A New Documentary “A Shelter for Edith” Takes Audiences Inside a Sanctuary Church

I first met Edith Espinal at a meeting with Rubén Castilla Herrera and the Columbus Mennonite Church back in 2017 when I was on the board of the Central Ohio Worker Center. Edith was trying to keep her family together in the face of a deportation order. She had been trying for years to find a path to legalization, but in the end, the Trump administration wanted Edith gone — despite the fact that she lived in the U.S. for over two decades and had her whole family here.

In a last-ditch effort to keep her family together, Edith, community organizers and the Mennonite church came together to support Edith’s transition into life inside of a sanctuary church. Edith remained in that church for over three years, eventually outlasting the Trump administration, and she was recently given a temporary stay on her deportation. Some of us who worked with Edith during her stay in sanctuary got a glimpse of what her life was like. But the full story of her experience in sanctuary is only now coming to light.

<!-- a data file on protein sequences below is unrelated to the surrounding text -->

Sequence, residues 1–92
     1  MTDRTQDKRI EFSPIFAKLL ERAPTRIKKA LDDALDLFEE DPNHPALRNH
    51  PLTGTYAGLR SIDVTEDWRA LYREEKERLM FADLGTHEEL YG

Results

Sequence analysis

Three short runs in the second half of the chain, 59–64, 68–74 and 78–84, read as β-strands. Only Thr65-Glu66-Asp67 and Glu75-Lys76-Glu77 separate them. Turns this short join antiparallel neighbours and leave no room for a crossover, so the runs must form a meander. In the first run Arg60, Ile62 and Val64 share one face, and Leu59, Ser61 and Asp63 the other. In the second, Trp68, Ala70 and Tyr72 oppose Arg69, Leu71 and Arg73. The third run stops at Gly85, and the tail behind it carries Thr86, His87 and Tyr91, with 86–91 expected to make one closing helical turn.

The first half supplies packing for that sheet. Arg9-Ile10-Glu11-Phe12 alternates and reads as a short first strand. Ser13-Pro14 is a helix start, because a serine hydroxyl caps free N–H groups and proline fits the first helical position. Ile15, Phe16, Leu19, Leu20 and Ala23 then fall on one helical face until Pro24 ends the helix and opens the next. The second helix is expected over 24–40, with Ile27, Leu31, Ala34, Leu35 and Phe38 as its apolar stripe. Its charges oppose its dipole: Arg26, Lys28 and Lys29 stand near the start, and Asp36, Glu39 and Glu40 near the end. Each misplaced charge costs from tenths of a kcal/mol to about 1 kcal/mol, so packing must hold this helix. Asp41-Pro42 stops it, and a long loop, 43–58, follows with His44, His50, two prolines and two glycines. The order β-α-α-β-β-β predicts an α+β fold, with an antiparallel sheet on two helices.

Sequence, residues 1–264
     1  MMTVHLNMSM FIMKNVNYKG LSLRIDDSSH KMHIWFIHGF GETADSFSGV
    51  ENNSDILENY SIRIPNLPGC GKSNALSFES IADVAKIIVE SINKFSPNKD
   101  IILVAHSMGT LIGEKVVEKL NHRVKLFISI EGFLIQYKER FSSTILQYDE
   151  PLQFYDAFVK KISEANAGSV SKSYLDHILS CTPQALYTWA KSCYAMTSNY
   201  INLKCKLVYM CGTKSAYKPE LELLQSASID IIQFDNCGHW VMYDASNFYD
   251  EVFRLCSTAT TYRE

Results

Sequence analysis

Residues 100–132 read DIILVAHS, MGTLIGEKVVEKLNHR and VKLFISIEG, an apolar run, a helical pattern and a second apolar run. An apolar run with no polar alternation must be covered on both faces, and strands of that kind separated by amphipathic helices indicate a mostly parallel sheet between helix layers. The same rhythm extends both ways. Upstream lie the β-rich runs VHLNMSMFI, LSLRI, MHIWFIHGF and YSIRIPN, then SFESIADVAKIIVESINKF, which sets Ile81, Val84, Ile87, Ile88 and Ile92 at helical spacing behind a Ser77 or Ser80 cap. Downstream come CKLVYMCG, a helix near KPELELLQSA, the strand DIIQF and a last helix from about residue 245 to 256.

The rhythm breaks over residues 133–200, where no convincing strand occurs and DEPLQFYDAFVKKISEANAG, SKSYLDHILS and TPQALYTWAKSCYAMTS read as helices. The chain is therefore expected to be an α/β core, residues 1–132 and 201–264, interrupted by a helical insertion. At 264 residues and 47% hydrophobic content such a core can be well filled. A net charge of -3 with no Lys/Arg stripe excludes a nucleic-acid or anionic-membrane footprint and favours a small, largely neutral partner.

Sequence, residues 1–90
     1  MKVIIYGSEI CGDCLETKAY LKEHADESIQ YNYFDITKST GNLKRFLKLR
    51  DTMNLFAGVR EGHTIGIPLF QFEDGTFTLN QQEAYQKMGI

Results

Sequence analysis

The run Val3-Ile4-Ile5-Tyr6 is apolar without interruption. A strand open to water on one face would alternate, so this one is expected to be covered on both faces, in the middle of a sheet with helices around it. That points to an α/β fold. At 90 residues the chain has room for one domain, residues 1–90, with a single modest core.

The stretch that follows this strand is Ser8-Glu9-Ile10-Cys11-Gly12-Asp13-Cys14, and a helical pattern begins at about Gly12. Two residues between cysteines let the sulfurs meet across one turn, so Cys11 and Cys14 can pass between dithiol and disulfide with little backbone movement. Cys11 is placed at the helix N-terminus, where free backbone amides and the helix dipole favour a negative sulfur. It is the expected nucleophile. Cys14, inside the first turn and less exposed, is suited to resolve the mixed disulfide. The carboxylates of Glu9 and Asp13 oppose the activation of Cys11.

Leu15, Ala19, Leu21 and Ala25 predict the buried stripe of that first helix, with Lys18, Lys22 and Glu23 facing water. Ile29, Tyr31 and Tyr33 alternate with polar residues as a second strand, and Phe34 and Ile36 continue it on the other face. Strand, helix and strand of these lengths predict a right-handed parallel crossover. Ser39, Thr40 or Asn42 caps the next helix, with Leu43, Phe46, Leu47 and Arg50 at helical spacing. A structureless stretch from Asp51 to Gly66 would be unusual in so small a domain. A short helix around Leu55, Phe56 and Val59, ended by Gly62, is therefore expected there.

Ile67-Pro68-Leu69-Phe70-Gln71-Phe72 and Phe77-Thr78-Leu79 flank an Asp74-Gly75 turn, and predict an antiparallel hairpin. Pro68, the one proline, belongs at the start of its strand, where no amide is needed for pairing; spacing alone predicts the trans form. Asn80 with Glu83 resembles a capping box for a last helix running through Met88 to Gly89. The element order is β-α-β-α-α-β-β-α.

Elisa Stone Leahy and Matthew Leahy, two filmmakers and members of the church, produced a documentary film that follows Edith through much of her experience, especially during the pandemic when suddenly everyone had to spend their life in isolation as Edith had for years. That film, “A Shelter for Edith”, premiers this month, and I encourage you to check it out. The trailer for the film and the official press release are both provided below. It’s a heartwarming and heartbreaking look at the immigration system.

Press Release from Noonday Films*

I study America’s immigration enforcement system. Assistant Professor at TRAC. Graduate of OSU Geography. Online at austinkocher.com.